When the IDA revealed last December that it was intending to use its data and expertise to build not one but two replica Palmyra arches - to be unveiled simultaneously in Trafalgar Square in London and Times Square in New York - it generated headlines across the world. Since then there has been some backtracking on the original idea. There will be no simultaneous unveiling in New York - they may transport the London arch there later, or build another one - and the Palmyra arch that is being re-constructed is no longer the entrance to the Temple of Bel (which survived an attempt to blow it up in August 2015) but the Triumphal Arch (partially destroyed in October) formerly located at one end of the Great Colonnade. The decision to build it in Egyptian marble - which they claim will be close to the original in appearance - was also a late one. But an arch here or there is barely the half of it. Michel says he is 'in discussions right now with folks in Aleppo about reconstructing the minaret of the mosque there', he hopes to get into Palmyra - now that Isis has been driven out by Russian-backed Syrian government forces - to begin reconstruction work 'whenever the place is secured' and, more grandiosely, has already had talks with regional governments about developing a 'post-conflict plan for the Middle East'. Trafalgar Square, then, becomes merely a shop window and the arch within it 'Proof of our competency to do these things.'

Meanwhile the archaeology establishment has been watching all this and not knowing whether to applaud or shake their heads. 'What I approve of is collecting a record of and documenting vast numbers of sites,' said Tim Schadla-Hall, Reader in Public Archaeology at University College, London, referring to the IDA's Million Image Database project. The replica arch is less to his liking or comprehension: 'It seems to me it's a bizarre expenditure of money, possibly with worthy but misinformed aims, to promote something which isn't a real past, in an entirely reproduced form. I don't get it, I find it very very odd. I've got better uses for the money.' As for the IDA itself, 'I really hope they succeed,' said Daniel Pett,who runs digital public archaeology projects at the British Museum, 'but at the moment people are slightly sceptical, just because they don't know enough.'

On its website the Institute for Digital Archaeology describes itself as a private, not-for-profit organisation and a 'joint venture between Harvard University, the University of Oxford and the government of the United Arab Emirates'. It has an impressive Advisory Board, chaired by Mary Beard. The Oxford/Harvard claim is based largely on the involvement of individuals - its Technical Director, and Michel's number two, for example, is Alexy Karenowska, a physicist and Fellow of Magdalen, and much of the technical staff are from Oxford - while the UAE provides funding only 'on a project specific basis'. Most of the IDA's money comes from private sources within the US - Karenowska confirmed an annual operating budget (including, this year, the manufacture of the arch) of about 2.5 million, which is enough to make archaeologists on your average gig fall off their ergonomic chairs. Roger Michel himself is a swashbuckling, loquacious character - our meeting involved lunch in Claridges followed by a visit to a Mayfair antiquities gallery where he was 'pondering an object for acquisition'. In the 50 yards in between he peeled off a 20 note to give to a homeless person (whose expression is best described as gobsmacked).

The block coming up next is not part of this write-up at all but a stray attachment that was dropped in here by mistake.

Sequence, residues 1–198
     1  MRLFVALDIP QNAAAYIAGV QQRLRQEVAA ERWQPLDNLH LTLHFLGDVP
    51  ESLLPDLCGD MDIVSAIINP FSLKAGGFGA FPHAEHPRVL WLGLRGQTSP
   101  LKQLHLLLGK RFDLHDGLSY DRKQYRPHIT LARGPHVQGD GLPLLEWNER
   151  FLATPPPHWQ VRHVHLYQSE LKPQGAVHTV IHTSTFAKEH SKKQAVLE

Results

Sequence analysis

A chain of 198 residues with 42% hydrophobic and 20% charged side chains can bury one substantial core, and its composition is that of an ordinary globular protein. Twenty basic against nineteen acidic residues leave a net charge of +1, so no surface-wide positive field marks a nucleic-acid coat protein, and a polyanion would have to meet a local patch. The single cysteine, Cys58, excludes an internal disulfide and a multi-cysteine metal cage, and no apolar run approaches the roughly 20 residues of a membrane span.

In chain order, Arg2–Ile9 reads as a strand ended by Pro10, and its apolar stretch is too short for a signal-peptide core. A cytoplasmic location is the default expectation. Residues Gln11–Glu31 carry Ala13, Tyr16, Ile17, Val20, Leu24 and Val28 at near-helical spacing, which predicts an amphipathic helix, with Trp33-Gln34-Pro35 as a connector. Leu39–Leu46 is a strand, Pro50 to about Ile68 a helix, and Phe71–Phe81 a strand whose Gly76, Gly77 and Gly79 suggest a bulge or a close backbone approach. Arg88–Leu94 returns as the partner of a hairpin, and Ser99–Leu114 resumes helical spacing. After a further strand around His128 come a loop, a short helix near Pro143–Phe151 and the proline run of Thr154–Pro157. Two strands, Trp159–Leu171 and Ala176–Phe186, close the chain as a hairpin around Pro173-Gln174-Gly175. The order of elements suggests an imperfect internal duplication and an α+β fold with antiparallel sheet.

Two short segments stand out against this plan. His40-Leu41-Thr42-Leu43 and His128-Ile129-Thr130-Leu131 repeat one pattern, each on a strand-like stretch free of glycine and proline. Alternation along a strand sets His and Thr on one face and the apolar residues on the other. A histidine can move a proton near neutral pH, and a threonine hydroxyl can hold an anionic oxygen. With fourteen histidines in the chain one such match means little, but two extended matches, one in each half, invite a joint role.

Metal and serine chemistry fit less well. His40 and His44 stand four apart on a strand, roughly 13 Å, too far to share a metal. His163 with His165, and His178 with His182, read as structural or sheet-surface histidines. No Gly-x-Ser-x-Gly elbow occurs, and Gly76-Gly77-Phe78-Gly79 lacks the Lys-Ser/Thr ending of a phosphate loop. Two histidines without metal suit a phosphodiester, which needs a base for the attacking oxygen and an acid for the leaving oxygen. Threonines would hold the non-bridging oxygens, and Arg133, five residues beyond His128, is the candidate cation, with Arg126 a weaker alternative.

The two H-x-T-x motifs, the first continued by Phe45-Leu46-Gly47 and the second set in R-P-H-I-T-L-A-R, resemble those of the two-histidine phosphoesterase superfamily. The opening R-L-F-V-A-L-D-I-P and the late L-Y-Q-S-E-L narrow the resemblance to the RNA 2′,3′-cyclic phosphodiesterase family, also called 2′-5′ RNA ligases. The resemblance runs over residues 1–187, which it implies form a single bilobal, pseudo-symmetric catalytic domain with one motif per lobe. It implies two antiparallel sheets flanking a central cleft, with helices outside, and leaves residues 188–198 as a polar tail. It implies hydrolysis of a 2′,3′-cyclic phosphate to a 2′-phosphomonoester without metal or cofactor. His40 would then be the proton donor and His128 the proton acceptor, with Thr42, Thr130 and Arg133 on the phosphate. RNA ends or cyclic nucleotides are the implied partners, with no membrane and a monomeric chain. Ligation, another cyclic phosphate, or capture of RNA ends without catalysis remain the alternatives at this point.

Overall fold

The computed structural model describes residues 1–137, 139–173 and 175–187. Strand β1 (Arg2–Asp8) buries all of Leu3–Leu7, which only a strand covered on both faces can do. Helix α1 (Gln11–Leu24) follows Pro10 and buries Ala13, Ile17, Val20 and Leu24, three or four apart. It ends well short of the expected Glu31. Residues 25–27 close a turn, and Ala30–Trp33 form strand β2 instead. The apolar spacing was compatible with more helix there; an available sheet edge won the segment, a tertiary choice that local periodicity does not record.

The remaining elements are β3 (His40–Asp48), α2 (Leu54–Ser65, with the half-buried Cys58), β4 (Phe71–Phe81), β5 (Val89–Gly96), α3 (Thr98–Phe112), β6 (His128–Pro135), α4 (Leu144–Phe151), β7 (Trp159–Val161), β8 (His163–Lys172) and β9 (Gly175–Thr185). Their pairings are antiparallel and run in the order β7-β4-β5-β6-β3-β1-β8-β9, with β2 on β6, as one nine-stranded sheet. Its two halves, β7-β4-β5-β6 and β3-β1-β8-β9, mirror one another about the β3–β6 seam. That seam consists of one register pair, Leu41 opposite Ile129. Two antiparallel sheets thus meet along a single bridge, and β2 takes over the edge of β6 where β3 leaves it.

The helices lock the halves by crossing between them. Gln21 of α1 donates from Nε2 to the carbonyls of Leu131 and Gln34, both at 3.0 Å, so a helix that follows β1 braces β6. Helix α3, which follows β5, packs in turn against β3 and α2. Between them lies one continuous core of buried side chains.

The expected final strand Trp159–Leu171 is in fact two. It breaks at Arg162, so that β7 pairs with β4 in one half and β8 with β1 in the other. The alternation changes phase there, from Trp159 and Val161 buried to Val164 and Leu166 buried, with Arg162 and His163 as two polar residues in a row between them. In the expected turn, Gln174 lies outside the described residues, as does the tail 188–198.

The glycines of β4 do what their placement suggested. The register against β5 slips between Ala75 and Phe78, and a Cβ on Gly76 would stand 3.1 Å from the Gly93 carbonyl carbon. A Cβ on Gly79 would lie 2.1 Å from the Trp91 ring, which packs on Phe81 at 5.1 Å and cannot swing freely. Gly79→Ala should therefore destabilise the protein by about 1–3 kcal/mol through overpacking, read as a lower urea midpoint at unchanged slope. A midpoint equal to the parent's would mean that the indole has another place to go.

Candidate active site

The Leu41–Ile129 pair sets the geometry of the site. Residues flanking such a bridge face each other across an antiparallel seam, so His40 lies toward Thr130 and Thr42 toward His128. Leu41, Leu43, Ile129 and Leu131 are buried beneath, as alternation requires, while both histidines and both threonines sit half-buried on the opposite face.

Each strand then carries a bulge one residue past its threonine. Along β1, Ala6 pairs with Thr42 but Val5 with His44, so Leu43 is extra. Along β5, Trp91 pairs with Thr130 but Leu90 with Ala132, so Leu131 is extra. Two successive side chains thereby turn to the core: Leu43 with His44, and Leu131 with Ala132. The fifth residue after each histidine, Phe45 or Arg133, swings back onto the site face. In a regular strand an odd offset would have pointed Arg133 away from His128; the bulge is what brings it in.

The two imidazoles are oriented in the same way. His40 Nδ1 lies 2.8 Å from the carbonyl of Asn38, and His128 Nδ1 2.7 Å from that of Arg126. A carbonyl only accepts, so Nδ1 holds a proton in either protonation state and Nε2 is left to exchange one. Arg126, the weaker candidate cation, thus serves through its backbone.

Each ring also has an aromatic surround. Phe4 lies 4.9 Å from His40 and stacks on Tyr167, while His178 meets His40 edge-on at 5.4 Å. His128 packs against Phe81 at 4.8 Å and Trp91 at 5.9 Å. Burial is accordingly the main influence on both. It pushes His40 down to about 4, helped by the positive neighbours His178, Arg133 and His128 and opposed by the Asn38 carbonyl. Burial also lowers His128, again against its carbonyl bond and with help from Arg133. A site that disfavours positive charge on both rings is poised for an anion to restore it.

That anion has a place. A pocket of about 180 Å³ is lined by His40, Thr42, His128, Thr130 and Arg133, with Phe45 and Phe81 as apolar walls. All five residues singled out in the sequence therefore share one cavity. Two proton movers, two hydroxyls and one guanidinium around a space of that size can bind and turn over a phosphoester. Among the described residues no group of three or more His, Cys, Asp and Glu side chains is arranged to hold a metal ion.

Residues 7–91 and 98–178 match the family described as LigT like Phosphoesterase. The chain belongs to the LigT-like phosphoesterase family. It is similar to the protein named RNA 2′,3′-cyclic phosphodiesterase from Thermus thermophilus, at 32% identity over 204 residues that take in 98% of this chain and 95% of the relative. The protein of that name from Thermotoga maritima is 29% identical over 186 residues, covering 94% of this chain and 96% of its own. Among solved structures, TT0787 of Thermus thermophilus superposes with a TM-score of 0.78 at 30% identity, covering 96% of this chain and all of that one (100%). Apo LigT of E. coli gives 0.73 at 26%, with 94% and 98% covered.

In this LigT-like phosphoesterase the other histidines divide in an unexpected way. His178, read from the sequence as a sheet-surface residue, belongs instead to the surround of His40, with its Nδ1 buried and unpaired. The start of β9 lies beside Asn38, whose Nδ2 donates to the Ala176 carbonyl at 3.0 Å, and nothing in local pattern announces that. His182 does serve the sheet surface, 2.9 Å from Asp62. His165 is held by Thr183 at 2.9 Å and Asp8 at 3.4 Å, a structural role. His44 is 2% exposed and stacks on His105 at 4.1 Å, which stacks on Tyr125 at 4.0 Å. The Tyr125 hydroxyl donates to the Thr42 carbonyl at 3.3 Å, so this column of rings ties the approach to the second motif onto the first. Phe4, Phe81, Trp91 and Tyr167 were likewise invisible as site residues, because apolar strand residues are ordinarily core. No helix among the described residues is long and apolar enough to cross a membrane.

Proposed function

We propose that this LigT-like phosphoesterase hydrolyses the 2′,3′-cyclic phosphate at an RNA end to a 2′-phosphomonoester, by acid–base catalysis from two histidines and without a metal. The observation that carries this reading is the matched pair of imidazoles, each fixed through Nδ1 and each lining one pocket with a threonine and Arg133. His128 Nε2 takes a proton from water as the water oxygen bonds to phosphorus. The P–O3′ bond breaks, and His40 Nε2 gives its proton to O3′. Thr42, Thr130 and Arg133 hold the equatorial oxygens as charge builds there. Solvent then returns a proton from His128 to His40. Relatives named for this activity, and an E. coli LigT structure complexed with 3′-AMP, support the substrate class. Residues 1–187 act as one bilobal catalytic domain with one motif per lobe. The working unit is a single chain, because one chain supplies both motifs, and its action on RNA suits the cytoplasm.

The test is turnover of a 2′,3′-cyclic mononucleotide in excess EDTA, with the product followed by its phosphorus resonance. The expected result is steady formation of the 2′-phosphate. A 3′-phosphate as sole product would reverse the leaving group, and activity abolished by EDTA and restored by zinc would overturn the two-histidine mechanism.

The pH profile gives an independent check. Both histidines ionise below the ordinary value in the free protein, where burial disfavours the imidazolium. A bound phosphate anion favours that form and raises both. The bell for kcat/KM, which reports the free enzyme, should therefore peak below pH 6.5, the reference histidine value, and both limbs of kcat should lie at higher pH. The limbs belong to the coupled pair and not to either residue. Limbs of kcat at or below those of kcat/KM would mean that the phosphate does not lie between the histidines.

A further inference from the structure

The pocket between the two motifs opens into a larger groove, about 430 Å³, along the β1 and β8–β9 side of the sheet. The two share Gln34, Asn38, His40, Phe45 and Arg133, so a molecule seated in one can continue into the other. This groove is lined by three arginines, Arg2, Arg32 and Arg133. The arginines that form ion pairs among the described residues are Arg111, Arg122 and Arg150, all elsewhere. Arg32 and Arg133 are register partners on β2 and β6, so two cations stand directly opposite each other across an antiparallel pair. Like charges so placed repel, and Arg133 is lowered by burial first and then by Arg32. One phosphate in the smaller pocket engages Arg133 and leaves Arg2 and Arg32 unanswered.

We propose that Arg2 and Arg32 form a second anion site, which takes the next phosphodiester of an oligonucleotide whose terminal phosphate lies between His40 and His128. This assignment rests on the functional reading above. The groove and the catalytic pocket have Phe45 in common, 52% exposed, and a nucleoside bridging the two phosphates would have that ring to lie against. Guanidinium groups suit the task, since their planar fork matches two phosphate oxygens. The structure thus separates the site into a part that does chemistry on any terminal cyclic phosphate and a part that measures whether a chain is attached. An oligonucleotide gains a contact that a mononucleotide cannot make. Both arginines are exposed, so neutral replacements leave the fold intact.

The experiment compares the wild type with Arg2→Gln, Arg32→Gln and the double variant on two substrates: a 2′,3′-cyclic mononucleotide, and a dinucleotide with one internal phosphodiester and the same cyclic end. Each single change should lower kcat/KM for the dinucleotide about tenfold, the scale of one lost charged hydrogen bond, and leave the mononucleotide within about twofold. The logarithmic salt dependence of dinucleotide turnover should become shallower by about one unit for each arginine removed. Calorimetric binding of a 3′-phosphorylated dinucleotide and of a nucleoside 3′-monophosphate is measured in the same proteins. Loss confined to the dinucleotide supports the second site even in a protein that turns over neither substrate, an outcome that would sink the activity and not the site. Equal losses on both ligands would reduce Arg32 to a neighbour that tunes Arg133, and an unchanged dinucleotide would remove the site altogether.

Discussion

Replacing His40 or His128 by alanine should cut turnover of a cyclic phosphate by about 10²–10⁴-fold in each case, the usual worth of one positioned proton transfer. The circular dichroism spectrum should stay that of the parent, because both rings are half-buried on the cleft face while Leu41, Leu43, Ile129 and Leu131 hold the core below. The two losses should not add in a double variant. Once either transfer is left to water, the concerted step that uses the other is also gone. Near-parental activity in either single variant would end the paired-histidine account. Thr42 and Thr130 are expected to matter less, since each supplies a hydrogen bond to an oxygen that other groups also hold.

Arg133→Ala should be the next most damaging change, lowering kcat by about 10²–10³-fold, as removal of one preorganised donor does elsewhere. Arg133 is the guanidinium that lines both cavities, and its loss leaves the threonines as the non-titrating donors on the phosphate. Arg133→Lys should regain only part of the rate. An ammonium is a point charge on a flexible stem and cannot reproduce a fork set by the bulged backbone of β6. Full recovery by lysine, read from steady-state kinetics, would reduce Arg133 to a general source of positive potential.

He has an academic background in philology (the study of the written sources of language, eg papyri) and practises in the US as a prosecution lawyer specialising in murder cases and appellate work but when we met he was keen to emphasise his archaeology credentials despite his lack of formal qualifications: 'In the past four or five years you'd be hard pressed to find anybody who has been at more field locations, pulled more things out of the ground, or spent more time capturing images of the objects,' he told me. Michel founded the IDA in 2012 when he was working closely with the Centre for the Study of Ancient Documents (CSAD) in Oxford, using lab-based technology to create high-quality scans of archaeological objects. But even then - and Michel does seem to have a genius for publicity - he wanted to create 'a niche for ourselves'.

His answer was to adapt the equipment used in the laboratory for use in the field 'because that hadn't been done'. In fact the IDA's approach is not unique - there are several organisations that are keeping a close eye on threatened sites and combining technology and crowdsourcing to document them, in the Middle East and elsewhere - but nobody does it bolder. The IDA's Million Image Database project even made the cover of Newsweek (the Europe edition) last November under the headline 'The new monuments men - beating back Isis's war on culture with technology', while the arch itself is the subject of a forthcoming BBC TV documentary. The subject of endangered archaeology had suddenly become agonisingly postmodern - the exploitation of cutting-edge technology by Isis to produce highly professional destruction videos being matched by developments in photogrammetry and 3D printing to literally reverse the process.